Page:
Monday, September 14, 2009

A Little Night Cruisin’

Last evening my family and I sailed the night skies…..or the next thing to it; we traversed the back roads of Howard County in a convertible.

We love living in suburban Kokomo. Our neighborhood is quiet, tree-lined and inviting, yet just down the street we have almost immediate access to some of modern society’s most agreeable and useful destinations; Outback Steakhouse, Walgreen’s Pharmacy, Marsh Supermarket, Dunkin Donuts, Applebee’s, and, most notably, Starbucks. It is, in the immortal words of Hannah Montana, “The Best of Both Worlds”. Ahem.

However, Terrace Meadows has one drawback – a big one. When it comes to stargazing (an activity we Burtch’s hold dear) our view of God’s handiwork is well, limited at best and abysmal at worst. We can see approximately ten stars from our backyard.

We decided on this impromptu trip to the periphery of our North Central Indiana county last night because:

1. We happened to have Nana’s PT Cruiser in the driveway.
2. The night was exceedingly clear.

That rare and advantageous combination propelled us (one of us already in her jammies) out the door at about 10:00 p.m. laden with jackets, quilts, and an air of unrivaled expectation.

As we drew further away from the city lights, the sky morphed into something three-dimensional instead of the pathetic, flat affair that lies above our house. At one point Julia commented, “It’s like being in space”, and she was right; it was rather like riding in the cockpit of the Millenium Falcon. I almost felt like we were going to be attacked by an Imperial Star Destroyer or leap into hyperspace at any minute. I could have ridden until sunrise.

All good things must come to an end, however, and our time soaring under that sparkling canopy did too. But when we returned home it was with a renewed sense of awe at the vast, mysterious and spectacularly beautiful universe in which we live.

…..and speaking of stars, I give you an excerpt from my favorite childhood poem:

Wynken, Blynken, and Nod (Dutch Lullaby)
by Eugene Field (1850-1895)

Wynken, Blynken, and Nod one night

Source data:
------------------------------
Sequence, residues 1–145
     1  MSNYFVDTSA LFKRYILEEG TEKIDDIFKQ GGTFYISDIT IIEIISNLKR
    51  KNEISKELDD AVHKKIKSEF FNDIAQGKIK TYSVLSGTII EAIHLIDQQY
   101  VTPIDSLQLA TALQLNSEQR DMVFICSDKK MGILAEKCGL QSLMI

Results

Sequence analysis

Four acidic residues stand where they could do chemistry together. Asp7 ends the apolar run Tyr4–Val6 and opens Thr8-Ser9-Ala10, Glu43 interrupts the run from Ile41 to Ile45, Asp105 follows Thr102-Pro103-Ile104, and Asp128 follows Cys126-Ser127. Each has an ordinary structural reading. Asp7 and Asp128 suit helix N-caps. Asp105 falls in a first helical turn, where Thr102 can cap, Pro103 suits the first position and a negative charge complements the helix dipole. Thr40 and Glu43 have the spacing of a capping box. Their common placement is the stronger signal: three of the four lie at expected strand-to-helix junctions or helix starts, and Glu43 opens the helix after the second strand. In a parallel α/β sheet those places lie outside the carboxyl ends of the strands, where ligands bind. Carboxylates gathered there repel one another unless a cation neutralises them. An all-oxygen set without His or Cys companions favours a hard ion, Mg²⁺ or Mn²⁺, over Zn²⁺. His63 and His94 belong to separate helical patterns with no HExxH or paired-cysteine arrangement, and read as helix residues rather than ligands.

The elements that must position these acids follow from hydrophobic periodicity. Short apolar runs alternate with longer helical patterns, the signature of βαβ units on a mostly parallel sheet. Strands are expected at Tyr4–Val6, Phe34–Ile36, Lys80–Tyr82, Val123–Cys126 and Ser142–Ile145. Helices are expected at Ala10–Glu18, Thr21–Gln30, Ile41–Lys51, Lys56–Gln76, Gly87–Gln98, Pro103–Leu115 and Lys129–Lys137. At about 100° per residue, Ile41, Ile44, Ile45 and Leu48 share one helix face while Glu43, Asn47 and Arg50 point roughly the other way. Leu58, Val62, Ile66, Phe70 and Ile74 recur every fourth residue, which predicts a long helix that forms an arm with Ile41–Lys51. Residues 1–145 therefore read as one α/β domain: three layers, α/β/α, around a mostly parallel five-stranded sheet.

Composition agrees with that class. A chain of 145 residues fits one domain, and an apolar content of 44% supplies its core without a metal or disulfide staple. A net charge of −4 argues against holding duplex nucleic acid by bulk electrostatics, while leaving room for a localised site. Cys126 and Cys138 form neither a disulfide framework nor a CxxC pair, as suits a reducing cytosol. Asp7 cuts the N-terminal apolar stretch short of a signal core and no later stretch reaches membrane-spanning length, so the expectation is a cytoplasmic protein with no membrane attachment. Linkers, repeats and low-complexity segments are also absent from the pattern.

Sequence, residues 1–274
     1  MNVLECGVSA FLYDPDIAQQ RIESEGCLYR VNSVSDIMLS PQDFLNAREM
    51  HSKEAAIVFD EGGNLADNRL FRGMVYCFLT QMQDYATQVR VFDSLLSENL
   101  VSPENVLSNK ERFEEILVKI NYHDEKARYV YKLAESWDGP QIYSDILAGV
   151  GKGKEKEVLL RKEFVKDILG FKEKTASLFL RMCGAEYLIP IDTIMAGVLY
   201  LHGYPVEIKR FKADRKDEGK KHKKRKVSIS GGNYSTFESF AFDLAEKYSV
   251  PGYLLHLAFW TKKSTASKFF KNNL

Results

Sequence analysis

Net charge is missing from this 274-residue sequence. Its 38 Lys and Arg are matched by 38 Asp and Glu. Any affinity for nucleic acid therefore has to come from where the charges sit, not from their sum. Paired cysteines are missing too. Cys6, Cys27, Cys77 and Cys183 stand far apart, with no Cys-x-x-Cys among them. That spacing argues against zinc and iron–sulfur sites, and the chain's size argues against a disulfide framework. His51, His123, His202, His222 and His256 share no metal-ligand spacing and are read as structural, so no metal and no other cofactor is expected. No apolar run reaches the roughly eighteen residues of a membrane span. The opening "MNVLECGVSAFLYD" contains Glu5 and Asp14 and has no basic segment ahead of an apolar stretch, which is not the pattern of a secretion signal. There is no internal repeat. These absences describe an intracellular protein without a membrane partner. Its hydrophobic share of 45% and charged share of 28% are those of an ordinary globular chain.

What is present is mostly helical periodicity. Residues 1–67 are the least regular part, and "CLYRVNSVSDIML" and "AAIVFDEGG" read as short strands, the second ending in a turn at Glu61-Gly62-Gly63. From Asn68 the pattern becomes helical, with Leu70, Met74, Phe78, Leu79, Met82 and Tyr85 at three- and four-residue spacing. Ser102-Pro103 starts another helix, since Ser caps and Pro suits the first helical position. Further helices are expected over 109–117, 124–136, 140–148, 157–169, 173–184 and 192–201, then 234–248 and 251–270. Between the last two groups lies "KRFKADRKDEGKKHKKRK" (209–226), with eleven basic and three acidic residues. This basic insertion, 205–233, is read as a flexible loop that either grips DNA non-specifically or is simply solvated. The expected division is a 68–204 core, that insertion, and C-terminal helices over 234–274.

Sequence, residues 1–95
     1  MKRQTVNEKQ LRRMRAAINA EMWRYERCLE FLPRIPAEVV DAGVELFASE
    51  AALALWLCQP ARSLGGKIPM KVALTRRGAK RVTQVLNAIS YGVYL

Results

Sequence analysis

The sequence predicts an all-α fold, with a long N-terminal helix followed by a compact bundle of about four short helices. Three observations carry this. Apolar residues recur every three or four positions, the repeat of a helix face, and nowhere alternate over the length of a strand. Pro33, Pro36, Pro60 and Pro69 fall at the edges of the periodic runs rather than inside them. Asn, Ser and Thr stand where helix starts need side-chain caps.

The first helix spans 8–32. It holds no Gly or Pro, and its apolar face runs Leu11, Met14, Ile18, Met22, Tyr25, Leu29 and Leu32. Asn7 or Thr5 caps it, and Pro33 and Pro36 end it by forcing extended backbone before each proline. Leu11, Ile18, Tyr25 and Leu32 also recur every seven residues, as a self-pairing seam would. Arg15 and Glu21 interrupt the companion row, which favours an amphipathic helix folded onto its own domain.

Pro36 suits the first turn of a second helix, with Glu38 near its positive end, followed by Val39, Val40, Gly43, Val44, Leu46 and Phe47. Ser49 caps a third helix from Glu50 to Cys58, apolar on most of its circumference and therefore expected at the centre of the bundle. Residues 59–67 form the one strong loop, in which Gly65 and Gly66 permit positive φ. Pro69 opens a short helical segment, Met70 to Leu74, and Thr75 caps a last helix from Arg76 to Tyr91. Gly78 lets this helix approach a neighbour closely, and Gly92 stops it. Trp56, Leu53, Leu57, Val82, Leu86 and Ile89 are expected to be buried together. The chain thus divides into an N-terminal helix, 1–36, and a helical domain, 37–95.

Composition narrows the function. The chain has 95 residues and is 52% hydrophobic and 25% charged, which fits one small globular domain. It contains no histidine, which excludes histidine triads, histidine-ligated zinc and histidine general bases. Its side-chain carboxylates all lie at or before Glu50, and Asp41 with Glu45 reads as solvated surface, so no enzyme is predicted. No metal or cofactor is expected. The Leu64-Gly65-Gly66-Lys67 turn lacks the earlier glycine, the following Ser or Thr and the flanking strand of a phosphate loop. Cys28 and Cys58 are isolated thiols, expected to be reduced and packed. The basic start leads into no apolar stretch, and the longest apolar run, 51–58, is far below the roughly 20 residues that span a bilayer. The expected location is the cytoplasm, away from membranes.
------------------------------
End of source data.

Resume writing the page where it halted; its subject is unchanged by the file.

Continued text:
Sailed off in a wooden shoe---
Sailed on a river of crystal light,
Into a sea of dew.
"Where are you going, and what do you wish?"
The old moon asked the three.
"We have come to fish for the herring fish
That live in this beautiful sea;
Nets of silver and gold have we!
"Said Wynken,
And Nod.
The old moon laughed and sang a song,
As they rocked in the wooden shoe,
And the wind that sped them all night long
Ruffled the waves of dew.

Friday, September 11, 2009


Have you ever noticed how cars often seem to mirror their owners’ personalities? No? Well let me give you some examples…..

Red sports cars are typically driven by pushy, competitive buttheads that have to be number one. I mean, they cannot tolerate one single car being ahead of them, thus they are continuously changing lanes in the all-important quest of being in the lead. It doesn’t matter that you are invariably going to end up at a stoplight next to them down the road. They passed you so they win. Aggressive driver = aggressive driving habits.

This is on my mind because I was tailgated by an upscale dark blue sports car this morning on La Fountain St., in front of Howard Community Hospital. I wish I could be more specific about the make and model of said vehicle but I can’t. All I can say is that it looked vaguely European. (Sorry, but I have an appalling lack of interest in all things automotive. I grew up in Indianapolis, and I have never been to the 500-Mile Race, which apparently is the greatest spectacle in racing. Not because I never had the opportunity, but because I never had the desire. If I did go you can be sure I would take along a good book).